Everyone comes to that realisation in their own time, but step one is the same for everyone: get out of your comfort zone and make those experiences, because it’s your life and no one will live it for you. Those without experiences will, at best, understand you cognitively.

Yet those with experiences will guide you, because not know can they grasp your situation cognitively, but experientially. And people like that truly understand how to balance feelings and logic.

The reality of being rational: embrace both emotions as well as logic, and go with your instincts because your logic will fall into place naturally.

Stop falling into the 21st century trap where everything appears to happen immediately. Remember that the first humans were not created in the 21st century – we have never evolved. We still live in caves (little blocks of personal space called a bedroom) and we still eat dinosaurs (birds – including chickens – DNA has been scientifically proven to be evolved from dinosaurs).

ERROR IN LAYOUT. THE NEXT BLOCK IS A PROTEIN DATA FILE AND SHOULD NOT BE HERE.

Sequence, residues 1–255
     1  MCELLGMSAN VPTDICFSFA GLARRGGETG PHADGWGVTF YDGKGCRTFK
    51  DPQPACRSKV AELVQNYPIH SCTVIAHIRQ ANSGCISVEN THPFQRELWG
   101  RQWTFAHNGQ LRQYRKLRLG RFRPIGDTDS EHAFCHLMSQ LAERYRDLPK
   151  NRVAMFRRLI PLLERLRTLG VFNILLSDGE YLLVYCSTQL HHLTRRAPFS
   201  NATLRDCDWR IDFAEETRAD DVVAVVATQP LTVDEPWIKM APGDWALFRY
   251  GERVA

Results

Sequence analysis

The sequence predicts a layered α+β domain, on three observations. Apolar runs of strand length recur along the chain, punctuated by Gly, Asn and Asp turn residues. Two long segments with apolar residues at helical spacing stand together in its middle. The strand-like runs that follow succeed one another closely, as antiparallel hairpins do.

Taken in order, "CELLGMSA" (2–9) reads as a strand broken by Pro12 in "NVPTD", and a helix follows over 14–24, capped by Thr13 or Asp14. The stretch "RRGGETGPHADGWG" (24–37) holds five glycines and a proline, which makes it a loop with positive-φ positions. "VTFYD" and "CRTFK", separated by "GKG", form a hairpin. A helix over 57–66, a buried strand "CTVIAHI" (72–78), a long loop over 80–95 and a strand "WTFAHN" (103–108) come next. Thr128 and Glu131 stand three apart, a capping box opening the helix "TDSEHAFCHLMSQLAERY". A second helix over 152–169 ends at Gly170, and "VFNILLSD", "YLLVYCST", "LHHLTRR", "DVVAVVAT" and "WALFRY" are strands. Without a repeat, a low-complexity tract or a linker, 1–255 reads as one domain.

Humans appear to have progressed, but evidently it just meant denying human nature. Embrace your human nature and apply it in the real world.

That’s balance. And that, is called accepting our limits. Go and find out which ones you can push, and don’t force the ones that can’t be done. We can never shut off our emotions, but that doesn’t mean all of our reactions have to be emotional. Our actions will be rational if we experience our emotions, not analyse them.

If you want emotional analysis, talk to a psychologist – but on a daily basis, embrace the emotion, know where it comes from, and understand why it makes you feel that way. Then go ahead and feel it, express it, and keep doing whatever you need to ensure long-term happiness. (Hint: keeping up with the latest trends is not long-term. It’s just unnecessary stress to distract you from your real stress).

So go forth and make things happen. Experience the feeling, and apply it in your situation. It really is that simple.

References
1. The Experiential Learning Cycle (Alberton, 2013)
2. T-Rex Protein Confirms Bird-Dinosaur Link (National Geographic)